[GUIDE] Android Storage Memory and How to Deal with Insufficient Storage Warnings
04-07-2017 12:27 PM
- [Updated 11/21/16]
So you just got your brand-spanking new Android phone with 4 GB of storage memory, and you can't wait to fill it up with apps, apps, apps, as well as texting everyone and their mothers just how cool your phone is and trading funny photos and videos. But wait! What's that warning that just popped up in your Notification Bar -- "Insufficient storage"?!? How can a phone with 4 gigabytes of storage be low already? Besides, you plugged in a 16 GB microSD card, and the Storage menu shows that there's 14 GB free there, so you should have plenty of storage, right? What the ...?
To understand this kind of problem, it's important to understand how storage memory is allocated and used in Android. Older Android phones (ones that came with Android versions up to and sometimes including 4.0) typically break up storage memory into 3 main partitions (i.e., areas):Starting with Android 4.0 (actually 3.0, but that was only for tablets), phones started to come with what we might call "unified storage," where there was no division between App Storage and Internal Storage -- it became one big partition, which allowed you to utilize the entire available storage for app installation. The main drawback was that you could no longer plug the phone into your computer via USB cable and access it as "USB Mass Storage" (where it essentially acts as another drive). With the old system, even when the Internal Storage and External SD partitions were mounted by your computer as external drives, your phone could still function, because the crucial App Storage partition was not mounted (and therefore still accessible by your phone). However, trying to have the computer mount a unified partition would render the phone inoperable while plugged in via USB, because the whole partition would be unavailable to the phone, including all of its apps. That's why newer phones only have the MTP (Media Transfer Protocol) option when connecting via USB, not USB Mass Storage. MTP gets around that problem, but limits your computer's access to folders on the phone. But MTP is a topic for a later day.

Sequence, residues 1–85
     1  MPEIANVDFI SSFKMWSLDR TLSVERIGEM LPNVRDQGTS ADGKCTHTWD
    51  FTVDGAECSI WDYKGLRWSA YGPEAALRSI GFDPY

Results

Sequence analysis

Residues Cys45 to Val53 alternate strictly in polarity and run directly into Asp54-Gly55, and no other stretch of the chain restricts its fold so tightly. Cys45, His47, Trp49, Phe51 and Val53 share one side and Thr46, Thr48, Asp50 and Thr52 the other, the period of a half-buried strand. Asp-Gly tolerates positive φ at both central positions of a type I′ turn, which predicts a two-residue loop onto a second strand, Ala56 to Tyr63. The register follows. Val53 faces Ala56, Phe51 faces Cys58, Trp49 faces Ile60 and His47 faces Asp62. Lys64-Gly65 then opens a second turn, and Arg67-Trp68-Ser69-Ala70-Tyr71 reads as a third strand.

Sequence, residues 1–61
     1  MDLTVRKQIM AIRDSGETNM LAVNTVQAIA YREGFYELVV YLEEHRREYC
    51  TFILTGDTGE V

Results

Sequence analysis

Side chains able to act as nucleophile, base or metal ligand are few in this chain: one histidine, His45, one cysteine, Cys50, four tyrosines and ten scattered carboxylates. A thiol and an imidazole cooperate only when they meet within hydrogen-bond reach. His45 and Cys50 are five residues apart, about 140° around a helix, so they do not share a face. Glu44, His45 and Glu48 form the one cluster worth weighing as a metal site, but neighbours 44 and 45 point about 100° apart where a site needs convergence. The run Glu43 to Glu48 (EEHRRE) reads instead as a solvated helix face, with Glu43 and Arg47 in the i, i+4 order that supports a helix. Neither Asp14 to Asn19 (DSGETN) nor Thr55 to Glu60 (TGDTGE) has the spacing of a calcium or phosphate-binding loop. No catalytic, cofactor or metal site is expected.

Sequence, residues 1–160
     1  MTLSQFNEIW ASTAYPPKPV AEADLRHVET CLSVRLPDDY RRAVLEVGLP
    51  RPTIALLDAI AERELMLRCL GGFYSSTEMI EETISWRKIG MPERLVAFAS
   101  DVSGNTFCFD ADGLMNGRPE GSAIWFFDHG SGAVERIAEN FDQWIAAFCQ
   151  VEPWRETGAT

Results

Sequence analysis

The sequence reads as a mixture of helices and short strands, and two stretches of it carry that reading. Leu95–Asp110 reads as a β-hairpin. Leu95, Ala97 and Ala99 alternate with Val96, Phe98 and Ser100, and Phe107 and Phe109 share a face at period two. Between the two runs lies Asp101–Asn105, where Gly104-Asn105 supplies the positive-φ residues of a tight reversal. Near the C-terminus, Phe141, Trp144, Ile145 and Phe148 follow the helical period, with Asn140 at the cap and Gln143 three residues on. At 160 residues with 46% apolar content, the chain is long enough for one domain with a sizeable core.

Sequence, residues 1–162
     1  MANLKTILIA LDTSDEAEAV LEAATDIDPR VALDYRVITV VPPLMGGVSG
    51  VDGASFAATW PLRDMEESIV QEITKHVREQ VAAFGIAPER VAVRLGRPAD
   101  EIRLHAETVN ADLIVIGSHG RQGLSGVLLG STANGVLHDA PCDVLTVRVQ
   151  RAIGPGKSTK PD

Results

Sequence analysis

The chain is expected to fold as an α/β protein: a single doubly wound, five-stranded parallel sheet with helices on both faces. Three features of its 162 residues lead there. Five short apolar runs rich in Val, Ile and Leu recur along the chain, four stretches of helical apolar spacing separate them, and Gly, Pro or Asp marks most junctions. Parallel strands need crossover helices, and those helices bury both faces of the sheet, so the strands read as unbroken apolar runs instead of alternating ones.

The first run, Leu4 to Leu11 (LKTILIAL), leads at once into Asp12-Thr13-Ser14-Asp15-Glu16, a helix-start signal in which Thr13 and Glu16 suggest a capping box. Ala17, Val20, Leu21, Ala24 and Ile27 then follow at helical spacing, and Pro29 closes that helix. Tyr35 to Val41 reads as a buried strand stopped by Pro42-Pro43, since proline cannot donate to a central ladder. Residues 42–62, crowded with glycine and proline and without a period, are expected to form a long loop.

1. Application Storage: Where Android installs apps. This can range from as little as 256 MB to 3 GB, depending on the phone. Lower end phones usually have less storage, and therefore can have fewer apps installed at one time. Data that the apps generate and save on the phone may also be saved here, although they might also be saved in one of the 2 other areas below. When you start to approach the Application Storage limit, you start getting insufficient storage warnings. You can free up Application Storage by moving some apps to #2 below, but you can never move the entire app, because some key elements need to remain in Application Storage.To move an app to Internal Storage, go to Settings>Apps, select the app, and tap "Move to Internal Storage."
2. Internal Storage aka Internal SD Card aka Phone Storage: This part of the phone's storage goes by a few different names, as you can see. Don't be confused by the term SD card -- if it says "Internal SD," it's referring to the nonremovable storage that the phone came with, not the card you insert. It can be used for storage of data, either by the user (i.e., photos or videos you take, music files you keep stored on the phone) or by the apps. As mentioned above, you can also move components of an installed app here by going to Settings>Apps, selecting the app, and tapping "Move to Internal Storage."